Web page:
A thin majority of MEPs blocked a controversial copyright bill from moving on to the next phase of negotiations in a dramatic vote on Thursday (5 July) that followed weeks of intense lobbying from tech companies, publishers, musicians and internet rights campaigners.
A sweeping, controversial copyright reform bill passed through the European Parliament’s Legal Affairs Committee (JURI) on Wednesday (20 June), but the legislation could still be toppled during a make-or-break vote in the full chamber’s plenary session next month.
Mariya Gabriel, the 38-year-old Bulgarian MEP tipped to become the new EU digital chief, told MEPs during her approval hearing that she wants to “comply” with the European Commission's policy priorities.
MEPs in the Internal Market Committee approved geoblocking rules that could open up access to music streaming sites and ebook sales across the EU, going beyond the European Commission's proposal and setting up a fight with industry groups.
The European Parliament’s Committee on Culture, usually a staunch defender of authors’ rights, has proposed a series of new exceptions to the copyright reforms under development at EU level. Rapporteur Marc Joulaud is a former deputy of François Fillon and employer of his wife Penelope. EURACTIV France reports.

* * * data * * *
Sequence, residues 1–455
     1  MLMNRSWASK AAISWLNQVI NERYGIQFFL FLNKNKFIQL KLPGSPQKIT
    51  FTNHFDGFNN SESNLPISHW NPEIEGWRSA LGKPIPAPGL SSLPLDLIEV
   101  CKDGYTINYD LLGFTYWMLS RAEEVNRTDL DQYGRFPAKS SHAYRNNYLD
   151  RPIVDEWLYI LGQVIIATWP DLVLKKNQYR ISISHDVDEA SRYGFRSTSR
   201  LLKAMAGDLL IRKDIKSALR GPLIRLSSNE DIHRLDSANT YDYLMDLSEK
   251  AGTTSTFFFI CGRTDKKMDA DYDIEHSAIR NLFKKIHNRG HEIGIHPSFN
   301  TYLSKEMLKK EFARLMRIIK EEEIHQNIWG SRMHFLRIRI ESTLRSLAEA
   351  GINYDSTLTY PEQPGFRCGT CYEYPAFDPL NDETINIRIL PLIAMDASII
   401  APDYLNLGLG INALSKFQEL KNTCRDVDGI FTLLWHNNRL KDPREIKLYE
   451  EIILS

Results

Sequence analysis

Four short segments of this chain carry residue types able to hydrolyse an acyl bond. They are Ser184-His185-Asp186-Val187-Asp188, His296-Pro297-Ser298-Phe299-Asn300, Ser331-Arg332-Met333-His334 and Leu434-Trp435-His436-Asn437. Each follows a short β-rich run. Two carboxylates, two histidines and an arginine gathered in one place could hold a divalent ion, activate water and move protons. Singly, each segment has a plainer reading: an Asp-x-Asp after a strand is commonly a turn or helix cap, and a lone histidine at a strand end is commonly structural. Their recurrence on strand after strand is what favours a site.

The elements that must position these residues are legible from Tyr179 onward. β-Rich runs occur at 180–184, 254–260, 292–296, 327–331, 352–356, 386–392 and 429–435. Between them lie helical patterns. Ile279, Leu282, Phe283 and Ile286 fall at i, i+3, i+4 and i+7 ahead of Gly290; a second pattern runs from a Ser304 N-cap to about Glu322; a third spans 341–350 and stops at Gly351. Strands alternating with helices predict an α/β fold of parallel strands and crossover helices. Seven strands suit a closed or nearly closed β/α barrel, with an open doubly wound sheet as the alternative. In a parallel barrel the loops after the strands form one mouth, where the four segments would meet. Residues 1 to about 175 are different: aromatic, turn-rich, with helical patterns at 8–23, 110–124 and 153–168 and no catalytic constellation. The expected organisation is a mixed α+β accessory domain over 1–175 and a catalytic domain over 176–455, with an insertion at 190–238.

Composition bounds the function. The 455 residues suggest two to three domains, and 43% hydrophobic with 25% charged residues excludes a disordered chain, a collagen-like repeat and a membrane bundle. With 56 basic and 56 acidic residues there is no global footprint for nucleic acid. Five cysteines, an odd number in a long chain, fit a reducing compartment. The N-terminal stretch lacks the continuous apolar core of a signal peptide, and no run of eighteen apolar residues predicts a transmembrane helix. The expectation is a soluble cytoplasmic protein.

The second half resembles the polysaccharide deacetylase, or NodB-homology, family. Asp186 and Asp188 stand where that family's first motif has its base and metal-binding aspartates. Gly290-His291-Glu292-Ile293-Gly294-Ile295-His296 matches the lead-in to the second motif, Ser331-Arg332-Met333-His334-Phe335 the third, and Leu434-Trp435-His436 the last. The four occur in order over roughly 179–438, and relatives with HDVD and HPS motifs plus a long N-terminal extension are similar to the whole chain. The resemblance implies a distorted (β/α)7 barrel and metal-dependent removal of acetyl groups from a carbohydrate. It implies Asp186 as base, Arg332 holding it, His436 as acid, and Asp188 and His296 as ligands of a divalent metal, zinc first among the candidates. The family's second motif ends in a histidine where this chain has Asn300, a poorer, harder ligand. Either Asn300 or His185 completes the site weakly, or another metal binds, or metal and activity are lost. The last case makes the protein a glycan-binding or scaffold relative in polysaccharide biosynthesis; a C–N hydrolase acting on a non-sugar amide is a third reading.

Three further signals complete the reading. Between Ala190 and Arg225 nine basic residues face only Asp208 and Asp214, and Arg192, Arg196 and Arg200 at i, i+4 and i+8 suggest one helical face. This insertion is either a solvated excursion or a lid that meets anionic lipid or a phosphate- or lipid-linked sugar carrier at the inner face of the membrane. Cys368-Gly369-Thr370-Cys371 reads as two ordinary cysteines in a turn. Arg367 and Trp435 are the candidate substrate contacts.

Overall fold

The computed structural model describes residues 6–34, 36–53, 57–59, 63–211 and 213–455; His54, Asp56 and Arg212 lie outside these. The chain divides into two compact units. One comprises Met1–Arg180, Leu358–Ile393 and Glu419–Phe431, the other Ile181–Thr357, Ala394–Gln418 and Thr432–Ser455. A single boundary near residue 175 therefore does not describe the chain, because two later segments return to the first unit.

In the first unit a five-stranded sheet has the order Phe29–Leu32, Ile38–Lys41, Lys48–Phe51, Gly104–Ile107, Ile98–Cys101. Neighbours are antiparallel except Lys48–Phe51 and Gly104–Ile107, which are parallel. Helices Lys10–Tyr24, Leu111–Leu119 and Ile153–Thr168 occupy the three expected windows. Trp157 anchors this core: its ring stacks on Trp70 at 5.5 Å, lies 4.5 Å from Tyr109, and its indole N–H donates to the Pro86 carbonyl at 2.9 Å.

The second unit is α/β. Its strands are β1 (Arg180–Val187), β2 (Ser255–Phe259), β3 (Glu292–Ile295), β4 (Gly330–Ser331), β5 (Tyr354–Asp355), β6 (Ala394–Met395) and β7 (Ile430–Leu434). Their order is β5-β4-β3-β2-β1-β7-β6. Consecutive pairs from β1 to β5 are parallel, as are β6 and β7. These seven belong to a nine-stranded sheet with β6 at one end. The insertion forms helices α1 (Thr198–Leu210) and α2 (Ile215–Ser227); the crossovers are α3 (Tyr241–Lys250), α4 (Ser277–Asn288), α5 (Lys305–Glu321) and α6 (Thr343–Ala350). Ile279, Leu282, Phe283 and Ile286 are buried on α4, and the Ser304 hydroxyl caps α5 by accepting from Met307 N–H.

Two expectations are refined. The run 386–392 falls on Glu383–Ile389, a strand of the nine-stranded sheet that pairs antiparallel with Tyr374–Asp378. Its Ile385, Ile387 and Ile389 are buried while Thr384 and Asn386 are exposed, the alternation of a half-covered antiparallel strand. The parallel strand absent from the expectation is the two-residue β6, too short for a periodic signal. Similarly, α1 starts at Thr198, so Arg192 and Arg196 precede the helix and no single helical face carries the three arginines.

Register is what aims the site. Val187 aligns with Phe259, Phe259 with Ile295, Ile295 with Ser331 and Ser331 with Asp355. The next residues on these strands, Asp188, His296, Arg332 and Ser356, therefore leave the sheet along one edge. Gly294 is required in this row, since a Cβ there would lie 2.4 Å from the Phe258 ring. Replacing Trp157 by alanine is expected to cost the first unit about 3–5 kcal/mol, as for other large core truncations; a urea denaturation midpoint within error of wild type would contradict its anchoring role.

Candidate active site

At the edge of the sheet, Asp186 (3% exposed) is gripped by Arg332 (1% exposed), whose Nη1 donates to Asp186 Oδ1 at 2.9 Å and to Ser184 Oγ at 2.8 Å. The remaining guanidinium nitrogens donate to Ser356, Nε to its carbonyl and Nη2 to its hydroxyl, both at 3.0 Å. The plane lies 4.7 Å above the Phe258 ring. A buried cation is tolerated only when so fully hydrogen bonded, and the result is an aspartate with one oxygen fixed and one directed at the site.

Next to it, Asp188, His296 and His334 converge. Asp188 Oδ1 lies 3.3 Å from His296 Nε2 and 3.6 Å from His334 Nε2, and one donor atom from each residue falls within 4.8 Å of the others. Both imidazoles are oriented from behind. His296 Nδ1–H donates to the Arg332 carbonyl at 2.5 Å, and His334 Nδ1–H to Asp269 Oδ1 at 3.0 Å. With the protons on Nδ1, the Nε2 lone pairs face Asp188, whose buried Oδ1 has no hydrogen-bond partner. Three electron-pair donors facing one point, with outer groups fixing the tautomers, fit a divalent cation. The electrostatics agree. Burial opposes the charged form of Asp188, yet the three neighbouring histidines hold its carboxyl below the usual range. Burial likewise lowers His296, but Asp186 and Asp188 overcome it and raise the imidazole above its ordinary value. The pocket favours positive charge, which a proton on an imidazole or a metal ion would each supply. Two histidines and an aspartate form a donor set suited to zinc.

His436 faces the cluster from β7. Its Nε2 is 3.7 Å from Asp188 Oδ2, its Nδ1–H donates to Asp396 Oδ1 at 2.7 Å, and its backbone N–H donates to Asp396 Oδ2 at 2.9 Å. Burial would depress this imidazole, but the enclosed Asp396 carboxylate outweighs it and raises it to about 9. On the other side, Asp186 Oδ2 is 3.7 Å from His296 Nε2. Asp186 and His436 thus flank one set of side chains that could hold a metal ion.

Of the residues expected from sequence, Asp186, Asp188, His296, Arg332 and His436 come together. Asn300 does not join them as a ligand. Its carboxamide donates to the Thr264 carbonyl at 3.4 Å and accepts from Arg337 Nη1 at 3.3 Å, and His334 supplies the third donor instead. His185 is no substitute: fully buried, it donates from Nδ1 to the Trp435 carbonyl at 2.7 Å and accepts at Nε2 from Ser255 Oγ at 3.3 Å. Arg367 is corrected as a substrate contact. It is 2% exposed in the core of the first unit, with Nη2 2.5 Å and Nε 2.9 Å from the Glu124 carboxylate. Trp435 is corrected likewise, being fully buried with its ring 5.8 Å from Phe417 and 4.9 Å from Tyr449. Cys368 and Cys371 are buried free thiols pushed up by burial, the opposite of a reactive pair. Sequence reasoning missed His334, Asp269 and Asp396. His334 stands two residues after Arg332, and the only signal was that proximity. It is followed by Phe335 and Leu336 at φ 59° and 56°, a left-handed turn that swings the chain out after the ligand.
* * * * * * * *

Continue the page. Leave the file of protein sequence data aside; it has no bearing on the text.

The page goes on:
The European Commission has asked the Court of Justice (ECJ) for legal advice about an international treaty it signed in 2014 that helps provide access to literature for visually impaired people through copyright exemptions. But it is yet to ratify the agreement.
EU plans to charge internet companies for linking to online news were presented today (14 September) after a heated, two-year-long fight over whether the “Google tax” will help publishers stay profitable—or simply be overzealous regulation that could "break the internet".
Broadcasters may be forced to show content across the EU, not just in the country where they're based, under draft legislation put forward in the face of strident opposition from major companies across Europe.
The media and sports industries are preparing to lock horns with the European Commission over its plans to shake up copyright law to make more films, sports and TV shows available online throughout the 28-nation bloc.
EU Digital Commissioner Günther Oettinger announced that the executive will propose its new copyright law in September or October. But, in the interim, ferocious debate is raging over whether it should include a controversial 'Google tax'.
European Commission Vice President Andrus Ansip sent a letter to MEPs today (12 February) insisting that the European Commission still hasn't decided whether it will include a so-called 'Google tax' in its upcoming copyright proposal.
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